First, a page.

When it comes to gaming, Asian markets have long boasted a global reputation. Japan, for instance, is a well-established market for console gaming, having been at the centre of many gaming innovations in this sector for decades. More recently, South Korea has developed an international reputation for being the Asian centre of eSports and online gaming. As we move further into the decade, China and Southeast Asia will be looking to expand their foothold in the global gaming industry.
Here are some of the key trends that we predict will emerge in Asian gaming markets throughout 2023 and beyond.
A Rapidly-Evolving Landscape
The video gaming industry has undergone tremendous evolution since its inception several decades ago. In the early days of gaming, video games were played on arcade machines before shifting to dedicated consoles. Over time, the market expanded to include more sophisticated PCs and portable devices, like Nintendo’s Game Boy.
It was the introduction of the internet at the turn of the century, however, that had the most dramatic impact on the gaming industry. A number of gaming genres sprung into life thanks to the power of connected tech, and brand-new gaming markets were created, from online multiplayer games to digital casinos.
By the 2010s, online gaming platforms and marketplaces had become the most innovative and accessible ways to play games. The likes of PokerStars Casino, which delivers immersive and popular titles in slots gaming like Sweet Bonanza, were soaring in popularity, as were digital distribution platforms, such as GOG.com and Valve’s Steam.
In recent years, the shift to mobile gaming on smartphones and tablets has led to an explosion in the number of casual gamers and created several new revenue streams for the industry. Additionally, advancements in technology have brought about more realistic graphics, more immersive experiences, and virtual and augmented reality gaming.
The gaming industry is a rapidly evolving landscape, making it perfectly primed for dominance by the Asian and Tiger economies.
Japan will Revolutionise Mobile
Japan has already established itself as a gaming superpower thanks to major console manufacturers like Sony and Nintendo. However, in 2023, we can expect the Japanese gaming market to switch focus to the mobile gaming space.
For instance, the development company behind the iconic Final Fantasy franchise recently opened a new mobile gaming studio headquartered in London, England. The studio focuses primarily on releasing free-to-play titles that include in-app purchases, and it’s a business model that’s proved to be successful. Between 2019 and 2022, Square Enix’s revenue from smart device and browser games increased from 41% to 46%, becoming the primary source of revenue during those three years.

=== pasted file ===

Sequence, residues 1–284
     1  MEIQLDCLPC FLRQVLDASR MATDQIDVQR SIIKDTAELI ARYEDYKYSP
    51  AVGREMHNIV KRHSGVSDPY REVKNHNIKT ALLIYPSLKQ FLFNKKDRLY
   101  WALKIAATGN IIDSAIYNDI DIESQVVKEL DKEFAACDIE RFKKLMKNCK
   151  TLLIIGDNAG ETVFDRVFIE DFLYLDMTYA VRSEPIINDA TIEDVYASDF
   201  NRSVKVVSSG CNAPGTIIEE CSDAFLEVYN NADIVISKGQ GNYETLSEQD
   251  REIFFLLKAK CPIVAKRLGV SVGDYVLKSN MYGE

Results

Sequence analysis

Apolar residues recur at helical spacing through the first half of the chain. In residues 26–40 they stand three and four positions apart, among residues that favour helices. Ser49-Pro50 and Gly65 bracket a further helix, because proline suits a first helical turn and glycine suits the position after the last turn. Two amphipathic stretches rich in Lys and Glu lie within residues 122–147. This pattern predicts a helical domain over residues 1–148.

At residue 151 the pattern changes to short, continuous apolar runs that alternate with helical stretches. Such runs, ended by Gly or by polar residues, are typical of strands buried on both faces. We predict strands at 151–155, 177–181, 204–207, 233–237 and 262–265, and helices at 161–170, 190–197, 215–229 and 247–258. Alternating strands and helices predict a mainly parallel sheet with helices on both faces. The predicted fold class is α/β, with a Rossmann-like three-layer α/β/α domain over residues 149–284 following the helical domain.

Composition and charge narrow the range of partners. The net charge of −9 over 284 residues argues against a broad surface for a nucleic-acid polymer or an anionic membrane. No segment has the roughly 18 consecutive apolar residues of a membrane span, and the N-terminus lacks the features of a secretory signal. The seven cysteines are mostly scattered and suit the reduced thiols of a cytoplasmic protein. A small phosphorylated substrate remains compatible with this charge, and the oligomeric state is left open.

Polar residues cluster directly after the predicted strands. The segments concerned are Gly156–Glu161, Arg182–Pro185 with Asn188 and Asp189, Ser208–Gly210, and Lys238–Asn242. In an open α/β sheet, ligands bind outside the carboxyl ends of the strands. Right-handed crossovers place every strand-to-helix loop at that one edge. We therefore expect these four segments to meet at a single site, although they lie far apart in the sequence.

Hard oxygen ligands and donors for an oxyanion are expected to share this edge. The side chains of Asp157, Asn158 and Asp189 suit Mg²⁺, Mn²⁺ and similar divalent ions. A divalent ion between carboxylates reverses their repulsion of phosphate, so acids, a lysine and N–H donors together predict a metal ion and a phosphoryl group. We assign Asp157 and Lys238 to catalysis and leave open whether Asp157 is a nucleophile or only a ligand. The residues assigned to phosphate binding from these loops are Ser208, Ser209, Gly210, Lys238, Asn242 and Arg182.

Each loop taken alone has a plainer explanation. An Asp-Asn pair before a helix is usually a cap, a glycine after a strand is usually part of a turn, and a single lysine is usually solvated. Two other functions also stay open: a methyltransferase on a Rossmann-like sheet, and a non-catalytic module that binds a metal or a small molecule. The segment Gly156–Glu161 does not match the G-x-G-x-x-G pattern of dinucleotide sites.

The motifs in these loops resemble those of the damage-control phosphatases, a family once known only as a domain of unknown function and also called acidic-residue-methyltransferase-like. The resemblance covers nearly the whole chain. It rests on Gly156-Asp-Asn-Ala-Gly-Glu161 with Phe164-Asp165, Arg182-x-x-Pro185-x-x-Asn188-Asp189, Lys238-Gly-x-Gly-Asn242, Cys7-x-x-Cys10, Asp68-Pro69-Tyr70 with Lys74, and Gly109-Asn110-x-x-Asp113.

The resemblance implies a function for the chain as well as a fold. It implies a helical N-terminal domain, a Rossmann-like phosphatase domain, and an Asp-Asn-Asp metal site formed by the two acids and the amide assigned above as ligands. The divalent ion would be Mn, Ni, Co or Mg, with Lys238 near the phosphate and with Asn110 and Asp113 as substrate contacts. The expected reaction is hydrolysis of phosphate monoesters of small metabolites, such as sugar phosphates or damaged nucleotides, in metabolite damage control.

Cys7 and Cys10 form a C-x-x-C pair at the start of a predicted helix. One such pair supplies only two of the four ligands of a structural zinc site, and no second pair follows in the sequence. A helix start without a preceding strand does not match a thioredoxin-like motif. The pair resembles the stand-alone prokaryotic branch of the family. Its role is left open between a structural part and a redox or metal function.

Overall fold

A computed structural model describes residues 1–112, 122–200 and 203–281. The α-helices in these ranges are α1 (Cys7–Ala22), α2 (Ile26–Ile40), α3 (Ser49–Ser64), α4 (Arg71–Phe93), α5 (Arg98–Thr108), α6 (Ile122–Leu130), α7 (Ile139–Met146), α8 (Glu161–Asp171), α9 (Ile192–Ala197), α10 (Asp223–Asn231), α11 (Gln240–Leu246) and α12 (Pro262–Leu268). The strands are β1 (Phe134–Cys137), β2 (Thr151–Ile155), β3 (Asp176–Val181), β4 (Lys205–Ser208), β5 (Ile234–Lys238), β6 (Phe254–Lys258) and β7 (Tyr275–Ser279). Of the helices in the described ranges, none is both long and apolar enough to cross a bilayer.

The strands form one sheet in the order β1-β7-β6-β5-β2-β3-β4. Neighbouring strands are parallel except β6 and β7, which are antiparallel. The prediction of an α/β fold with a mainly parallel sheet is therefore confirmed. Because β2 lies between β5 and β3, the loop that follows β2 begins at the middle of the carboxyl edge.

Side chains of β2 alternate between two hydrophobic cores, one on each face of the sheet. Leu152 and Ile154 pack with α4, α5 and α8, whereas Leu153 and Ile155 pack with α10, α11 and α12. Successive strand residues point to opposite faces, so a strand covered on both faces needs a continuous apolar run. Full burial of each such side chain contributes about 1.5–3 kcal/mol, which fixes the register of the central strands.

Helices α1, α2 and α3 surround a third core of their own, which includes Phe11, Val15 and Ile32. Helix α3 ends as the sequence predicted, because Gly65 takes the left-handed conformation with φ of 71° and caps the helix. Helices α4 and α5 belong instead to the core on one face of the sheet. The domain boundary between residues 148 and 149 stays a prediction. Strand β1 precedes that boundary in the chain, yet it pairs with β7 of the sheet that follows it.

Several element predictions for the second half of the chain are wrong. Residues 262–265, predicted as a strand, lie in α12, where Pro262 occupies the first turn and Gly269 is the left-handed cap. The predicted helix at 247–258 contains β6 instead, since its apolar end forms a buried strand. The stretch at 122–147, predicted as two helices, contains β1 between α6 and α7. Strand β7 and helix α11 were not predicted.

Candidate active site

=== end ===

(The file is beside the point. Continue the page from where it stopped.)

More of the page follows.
Of course, Japanese game developers are also exploring various new technologies beyond mobile and cloud gaming, such as AI and the metaverse. In 2022, Square Enix teamed up with the experienced NFT game developer Gumi to launch metaverse gaming experiences. Meanwhile, incumbents like Sony are ramping up production on their VR efforts, unleashing the new VR2 headset sometime in February 2023.
China to Focus on Quality Game Production
The Chinese gaming market has been marred by strict regulations in recent years. However, the tide is beginning to turn with the 2022 thawing of investor sentiments towards gaming development in the country. All signs now point towards China shifting its focus towards quality game production, prioritising quality over quantity, which will be a vital factor in generating international prestige.
For example, the success of Genshin Impact gives a good indication of the potential success that awaits Chinese game makers. The gacha-based RPG was developed by miHoYo and became a global mobile hit in 2020 before transitioning to the console (PlayStation 4). Having amassed over $986 million in revenue during 2022, Genshin Impact finished the year as the third highest-grossing game in the world.
Southeast Asia Becomes an eSports Hub
Southeast Asia is quickly becoming a dominant force in eSports and could soon rival South Korea’s throne as the Asian eSports Hub. Attitudes towards eSports in countries like Malaysia and the Philippines are becoming increasingly normalised; the region even displayed the second-fastest revenue growth for the sector in 2022 at 17.2% (following India at 18.3%).
Furthermore, several notable eSports events have also taken place in the southeastern region. In 2019, the Phillippines included eSports events alongside traditional sporting events for the first time at the Southeast Asian Games, held in Manila. Looking forward, summer 2023 will see Singapore host the inaugural Olympic Esports Week, which is set to be an IOC-sponsored event.